A President Behind Home Plate

Who Is That Masked Man? A Future President? Ask Chevy Chase.

Future President Gerald Ford plays baseball in 1949

No, It’s not Donald Trump. Trump did play baseball in college. But behind home plate is a career politician who later became President.

Maybe a closer look will help.

Close-up of President Ford 1949 playing catcher in a softball gameWhen catching a ball it usually helps to have your eyes open. We’ll pardon you if you didn’t recognize Chevy Chase’s favorite comedic target when starring on Saturday Night Live,  President Gerald Ford.

The 1949 photograph comes from the UPI archive. We see Michigan Congressman Gerald Ford crouching behind home plate. In the batters box Representative Glenn R. Davis of Wisconsin demonstrates how to execute a bunt improperly by gripping and exposing his right fingers around the bat directly into the path of the ball so he can break his fingers.

Contrary to popular belief, Gerald Ford was very athletic and was not clumsy or simpleminded. In 1934 Ford was named the Most Valuable Player of the University of Michigan’s football team.

Why and when did people begin thinking Ford was awkward?

Probably when President Ford fell down a few steps disembarking Airforce One in Vienna on June 1, 1975. He also stumbled a few more times on the trip. Unfortunately for Ford, network TV was there to capture the airplane moment and show it nationally.

Then, Chevy Chase capitalized on the event and began portraying Gerald Ford in comedic sketches on SNL, as absent-minded, uncoordinated, constantly falling down and being prone to accidents. Though Chase neither looked or sounded like Ford, people began to believe that Chase’s characterization was how Ford was in real life!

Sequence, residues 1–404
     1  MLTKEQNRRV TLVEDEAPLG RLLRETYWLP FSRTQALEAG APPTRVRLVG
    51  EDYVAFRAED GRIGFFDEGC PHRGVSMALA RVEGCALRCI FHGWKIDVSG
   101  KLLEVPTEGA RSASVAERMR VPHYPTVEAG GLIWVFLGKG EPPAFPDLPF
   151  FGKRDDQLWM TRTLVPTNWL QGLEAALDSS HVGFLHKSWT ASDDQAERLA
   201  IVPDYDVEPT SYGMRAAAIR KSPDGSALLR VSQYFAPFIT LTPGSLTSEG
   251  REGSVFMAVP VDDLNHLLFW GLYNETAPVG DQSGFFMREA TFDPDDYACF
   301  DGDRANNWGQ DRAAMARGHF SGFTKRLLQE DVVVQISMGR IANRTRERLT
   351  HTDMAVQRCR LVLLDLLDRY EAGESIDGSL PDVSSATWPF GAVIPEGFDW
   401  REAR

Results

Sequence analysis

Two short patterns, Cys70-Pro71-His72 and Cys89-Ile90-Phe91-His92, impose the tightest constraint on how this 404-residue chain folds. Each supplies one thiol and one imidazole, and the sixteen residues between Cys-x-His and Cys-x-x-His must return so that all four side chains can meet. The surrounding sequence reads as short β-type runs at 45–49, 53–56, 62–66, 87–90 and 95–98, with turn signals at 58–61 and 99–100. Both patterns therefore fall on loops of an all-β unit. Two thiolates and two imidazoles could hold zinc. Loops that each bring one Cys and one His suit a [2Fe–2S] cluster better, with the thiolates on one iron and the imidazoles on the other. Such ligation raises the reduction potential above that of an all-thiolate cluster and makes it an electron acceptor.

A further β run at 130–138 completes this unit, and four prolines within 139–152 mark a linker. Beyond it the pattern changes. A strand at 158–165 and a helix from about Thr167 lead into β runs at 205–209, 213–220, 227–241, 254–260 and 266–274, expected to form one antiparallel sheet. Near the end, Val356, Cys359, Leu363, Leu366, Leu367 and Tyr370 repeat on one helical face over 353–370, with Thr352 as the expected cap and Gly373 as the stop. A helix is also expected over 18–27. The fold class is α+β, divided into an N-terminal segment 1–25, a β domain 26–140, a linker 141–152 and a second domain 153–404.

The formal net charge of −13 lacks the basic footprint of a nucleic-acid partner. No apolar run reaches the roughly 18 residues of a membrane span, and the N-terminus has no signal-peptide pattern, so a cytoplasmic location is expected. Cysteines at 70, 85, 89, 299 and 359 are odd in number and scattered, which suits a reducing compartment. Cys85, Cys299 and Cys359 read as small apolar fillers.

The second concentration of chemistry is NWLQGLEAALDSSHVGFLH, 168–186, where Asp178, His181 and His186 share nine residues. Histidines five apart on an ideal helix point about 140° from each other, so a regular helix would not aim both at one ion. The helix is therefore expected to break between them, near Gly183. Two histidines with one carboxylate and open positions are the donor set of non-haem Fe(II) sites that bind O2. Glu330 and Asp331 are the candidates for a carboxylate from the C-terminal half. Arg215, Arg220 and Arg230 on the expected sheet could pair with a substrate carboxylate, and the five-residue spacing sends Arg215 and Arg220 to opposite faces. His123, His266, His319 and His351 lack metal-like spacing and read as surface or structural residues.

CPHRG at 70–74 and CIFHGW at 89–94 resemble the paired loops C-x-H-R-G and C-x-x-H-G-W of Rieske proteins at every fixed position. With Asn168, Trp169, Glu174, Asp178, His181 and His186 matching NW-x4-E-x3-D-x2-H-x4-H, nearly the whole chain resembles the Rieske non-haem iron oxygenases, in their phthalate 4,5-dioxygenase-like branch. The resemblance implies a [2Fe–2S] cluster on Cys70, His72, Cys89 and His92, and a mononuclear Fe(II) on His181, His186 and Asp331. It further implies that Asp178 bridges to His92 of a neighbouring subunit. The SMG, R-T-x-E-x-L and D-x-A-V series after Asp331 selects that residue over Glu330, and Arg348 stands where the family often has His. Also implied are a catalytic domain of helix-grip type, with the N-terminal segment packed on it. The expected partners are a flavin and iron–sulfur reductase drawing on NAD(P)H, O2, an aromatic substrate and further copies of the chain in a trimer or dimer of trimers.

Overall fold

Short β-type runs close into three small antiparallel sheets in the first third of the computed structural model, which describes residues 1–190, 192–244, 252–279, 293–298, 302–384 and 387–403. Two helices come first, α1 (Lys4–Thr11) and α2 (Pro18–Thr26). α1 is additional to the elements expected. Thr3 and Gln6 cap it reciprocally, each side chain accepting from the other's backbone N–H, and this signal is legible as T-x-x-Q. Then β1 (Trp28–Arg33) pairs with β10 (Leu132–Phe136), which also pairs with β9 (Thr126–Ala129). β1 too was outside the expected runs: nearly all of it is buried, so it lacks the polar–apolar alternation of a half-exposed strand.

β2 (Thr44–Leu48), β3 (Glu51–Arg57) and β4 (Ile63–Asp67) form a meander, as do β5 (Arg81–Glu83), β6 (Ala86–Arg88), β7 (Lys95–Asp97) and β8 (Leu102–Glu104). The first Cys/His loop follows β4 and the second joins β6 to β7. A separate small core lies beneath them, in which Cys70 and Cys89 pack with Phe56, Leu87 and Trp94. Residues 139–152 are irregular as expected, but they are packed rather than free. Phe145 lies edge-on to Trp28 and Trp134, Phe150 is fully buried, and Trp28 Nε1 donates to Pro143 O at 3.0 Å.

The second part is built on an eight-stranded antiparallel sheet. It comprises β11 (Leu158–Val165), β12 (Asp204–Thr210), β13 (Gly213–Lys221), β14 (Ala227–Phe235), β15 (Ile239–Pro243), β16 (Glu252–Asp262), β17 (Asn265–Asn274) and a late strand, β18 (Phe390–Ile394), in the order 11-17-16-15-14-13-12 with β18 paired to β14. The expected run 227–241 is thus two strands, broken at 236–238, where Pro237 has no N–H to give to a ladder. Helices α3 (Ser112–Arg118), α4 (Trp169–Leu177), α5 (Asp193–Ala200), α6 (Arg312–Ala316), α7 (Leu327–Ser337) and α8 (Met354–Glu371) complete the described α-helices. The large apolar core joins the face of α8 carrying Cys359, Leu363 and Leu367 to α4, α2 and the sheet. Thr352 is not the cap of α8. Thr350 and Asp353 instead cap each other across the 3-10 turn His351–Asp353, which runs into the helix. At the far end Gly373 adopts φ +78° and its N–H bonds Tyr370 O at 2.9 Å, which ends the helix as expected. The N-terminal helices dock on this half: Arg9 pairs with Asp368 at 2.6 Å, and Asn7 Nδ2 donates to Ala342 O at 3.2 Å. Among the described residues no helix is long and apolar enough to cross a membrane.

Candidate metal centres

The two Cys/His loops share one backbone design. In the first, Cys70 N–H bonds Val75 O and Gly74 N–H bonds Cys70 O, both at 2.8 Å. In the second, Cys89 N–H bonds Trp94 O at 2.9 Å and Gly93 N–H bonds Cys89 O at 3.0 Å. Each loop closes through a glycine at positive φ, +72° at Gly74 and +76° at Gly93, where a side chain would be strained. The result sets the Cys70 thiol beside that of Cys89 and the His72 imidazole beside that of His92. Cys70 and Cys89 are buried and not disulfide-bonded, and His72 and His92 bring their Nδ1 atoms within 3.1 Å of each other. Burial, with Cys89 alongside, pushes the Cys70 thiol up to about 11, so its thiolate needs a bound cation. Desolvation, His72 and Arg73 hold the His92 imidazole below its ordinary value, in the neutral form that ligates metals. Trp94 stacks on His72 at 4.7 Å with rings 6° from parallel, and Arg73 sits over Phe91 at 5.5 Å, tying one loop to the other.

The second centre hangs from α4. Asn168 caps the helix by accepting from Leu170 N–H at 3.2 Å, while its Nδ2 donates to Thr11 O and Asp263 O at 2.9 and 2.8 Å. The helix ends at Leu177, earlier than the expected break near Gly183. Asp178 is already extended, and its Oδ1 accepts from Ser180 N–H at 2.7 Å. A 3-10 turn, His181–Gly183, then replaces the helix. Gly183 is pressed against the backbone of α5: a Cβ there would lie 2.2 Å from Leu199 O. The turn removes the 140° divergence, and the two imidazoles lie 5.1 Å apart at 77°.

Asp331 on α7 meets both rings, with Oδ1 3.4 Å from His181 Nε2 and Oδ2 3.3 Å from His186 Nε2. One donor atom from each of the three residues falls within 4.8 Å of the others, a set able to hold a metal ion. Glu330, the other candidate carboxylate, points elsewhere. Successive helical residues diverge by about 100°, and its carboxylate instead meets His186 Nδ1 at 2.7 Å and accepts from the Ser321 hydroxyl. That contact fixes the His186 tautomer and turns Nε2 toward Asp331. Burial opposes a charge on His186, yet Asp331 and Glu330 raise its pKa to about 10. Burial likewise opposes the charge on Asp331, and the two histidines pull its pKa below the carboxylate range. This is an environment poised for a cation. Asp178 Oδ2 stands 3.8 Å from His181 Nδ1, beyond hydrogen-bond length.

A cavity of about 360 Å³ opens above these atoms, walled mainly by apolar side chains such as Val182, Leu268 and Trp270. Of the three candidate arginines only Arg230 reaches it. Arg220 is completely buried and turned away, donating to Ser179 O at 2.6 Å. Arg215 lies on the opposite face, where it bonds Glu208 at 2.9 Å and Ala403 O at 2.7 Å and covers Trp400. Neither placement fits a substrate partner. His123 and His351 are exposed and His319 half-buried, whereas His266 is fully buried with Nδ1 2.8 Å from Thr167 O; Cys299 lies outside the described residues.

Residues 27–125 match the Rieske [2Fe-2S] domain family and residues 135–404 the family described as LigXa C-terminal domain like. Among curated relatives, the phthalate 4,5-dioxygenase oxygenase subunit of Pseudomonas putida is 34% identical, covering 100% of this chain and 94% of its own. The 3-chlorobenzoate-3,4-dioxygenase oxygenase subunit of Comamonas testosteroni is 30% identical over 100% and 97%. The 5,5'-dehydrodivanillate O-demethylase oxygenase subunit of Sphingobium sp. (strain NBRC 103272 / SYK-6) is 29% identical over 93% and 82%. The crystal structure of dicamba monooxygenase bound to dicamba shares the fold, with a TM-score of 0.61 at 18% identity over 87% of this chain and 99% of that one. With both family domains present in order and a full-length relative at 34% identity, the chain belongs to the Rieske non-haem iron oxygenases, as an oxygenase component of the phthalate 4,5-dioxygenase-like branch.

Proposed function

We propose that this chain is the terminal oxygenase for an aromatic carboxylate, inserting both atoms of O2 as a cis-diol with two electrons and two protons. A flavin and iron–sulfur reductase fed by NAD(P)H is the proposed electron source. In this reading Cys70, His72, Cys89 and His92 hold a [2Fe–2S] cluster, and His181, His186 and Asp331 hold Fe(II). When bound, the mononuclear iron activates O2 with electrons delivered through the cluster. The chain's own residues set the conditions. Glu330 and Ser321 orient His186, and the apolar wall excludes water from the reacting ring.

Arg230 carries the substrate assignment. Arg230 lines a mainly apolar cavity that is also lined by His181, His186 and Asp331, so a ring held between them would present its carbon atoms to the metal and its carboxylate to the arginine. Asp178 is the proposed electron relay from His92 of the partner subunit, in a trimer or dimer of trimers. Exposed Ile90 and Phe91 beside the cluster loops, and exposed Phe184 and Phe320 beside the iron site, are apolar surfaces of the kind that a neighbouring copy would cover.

For a year, week after week, Chase satirized President Ford on late night TV.

Finally, Ford and Chase met each other at the Radio and Television Correspondents Association dinner on March 25, 1976.

At the dinner in front of 1000 people at the Washington Hilton Hotel, Chase performed his Gerald Ford routine as President Ford sat at the dais and laughed at his impersonator.

Afterwards, Ford got up to speak and said, “Mr. Chevy Chase, you’re a very, very funny suburb.”

Three weeks after the dinner, Ford appeared on SNL via two taped segments done at the White House earlier in the week.  In the opening skit, as President Ford, Chase trips and falls.  Viewers next saw President’s Ford on screen saying those famous opening words, “Live from New York, it’s Saturday Night.”

Later in the show during the Weekend Update news segment, Chase said his usual, I’m Chevy Chase and you’re not.” A few minutes later Ford appeared again and delivered his other line “I’m Gerald Ford, you’re not.”

For comparison to Chevy Chase’s SNL Ford satire, here is a very short portion of the actual 1976 Ford-Carter Presidential debate. Ford does not come off very well on this question.

Share Button

Leave a Reply

Your email address will not be published. Required fields are marked *

Anti-Spam Quiz:

This site uses Akismet to reduce spam. Learn how your comment data is processed.